A technology decision about to go awry can always be identified by one really pervasive tool of feature driven technology choices — the checklist. The checklists of what features a technology has, what protocols it abides by, where it fits into particular boxes.
Check lists are good for getting things done. Check lists are horrible evaluation tools. A checklist takes the omega and makes it the alpha, it looks for the punchline before getting the joke, it’s the proverbial tail wagging the dog.
Legal technology for years has been driven by checklist driven IT staffs and their corresponding brethern, the RFI/RFP believers. These folks truly believe in their heart of hearts, and bless them for this, that through by a formal process of elimination, the proper solution will appear — generally with a score next to it indicating its degree of perfection. “They scored a 100 on our RFP process! Of course we will use them.”
How’s that working so far? In short, not at all. In our industry, legal entities of all kinds are in disarray – completely unprepared for electronic evidence despite having spent billions of dollars over the last decade on technology infrastructure.
It’s time for a completely new approach, a matured technology approach, that looks at how the values of the technology match up with your values.
Not to say features aren’t important. They are, we have lots of them. We have many more features than most of our customers will ever use or know about. I’d venture to say there isn’t a single person here who knows all of them.
We think about features all the time, but we think about them in a framework of values, not a framework of features.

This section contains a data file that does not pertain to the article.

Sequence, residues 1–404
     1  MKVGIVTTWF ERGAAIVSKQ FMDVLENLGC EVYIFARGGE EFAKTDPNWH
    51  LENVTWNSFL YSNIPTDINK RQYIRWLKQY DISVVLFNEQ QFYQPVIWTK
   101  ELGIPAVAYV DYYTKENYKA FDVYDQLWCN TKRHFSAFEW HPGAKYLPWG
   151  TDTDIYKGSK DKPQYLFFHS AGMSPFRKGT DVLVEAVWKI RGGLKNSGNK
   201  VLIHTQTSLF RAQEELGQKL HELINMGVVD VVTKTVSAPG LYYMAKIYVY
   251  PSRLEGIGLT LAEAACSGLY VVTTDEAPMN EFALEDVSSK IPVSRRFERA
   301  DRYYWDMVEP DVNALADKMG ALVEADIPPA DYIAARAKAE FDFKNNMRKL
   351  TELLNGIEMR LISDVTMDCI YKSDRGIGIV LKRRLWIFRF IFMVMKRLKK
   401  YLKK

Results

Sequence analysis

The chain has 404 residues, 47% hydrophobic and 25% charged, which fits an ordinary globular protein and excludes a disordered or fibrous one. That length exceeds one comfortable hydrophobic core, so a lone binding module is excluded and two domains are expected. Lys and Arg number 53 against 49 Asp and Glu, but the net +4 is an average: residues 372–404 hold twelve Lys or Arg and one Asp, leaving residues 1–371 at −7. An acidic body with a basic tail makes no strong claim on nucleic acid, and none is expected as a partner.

Features are important in a technology’s infancy. You can see this with audio technology, from when phonographs touted “quadrophonic sound”. That’s a feature purchase.
A value purchase is, can I take my entire collection with me in my pocket? Can I listen to it anywhere I want? 120 GB are you kidding me?
And as any audiophile worth their salt will tell you, vinyl records sound infinitely better than a compressed music file. And they do!
For some folks for whom that specific feature – sound quality – is critical, the a turntable will be the right solution. But for most, other parts of the core value of the technology – portability, ease of use, speed of access, looking cool on the bus – will overwhelm the specific feature decision.
And even when the individual features win, its because that they reference an underlying value. The most important value for an audiophile is “does it sound the best”, not “is it vinyl”. The vinyl is the ways to the end, not the end in itself.
If your technology purchase is based on “it has to work on our servers” or “it has to be based on a specific company’s technology” or “it has to be on our servers”, “it has or doesn’t have x feature,” its not being driven by the core value, it’s being driven by a checklist.
The next time you hear someone say “we should pick this one because it has x feature”, a light should go off. That’s a checklist talking.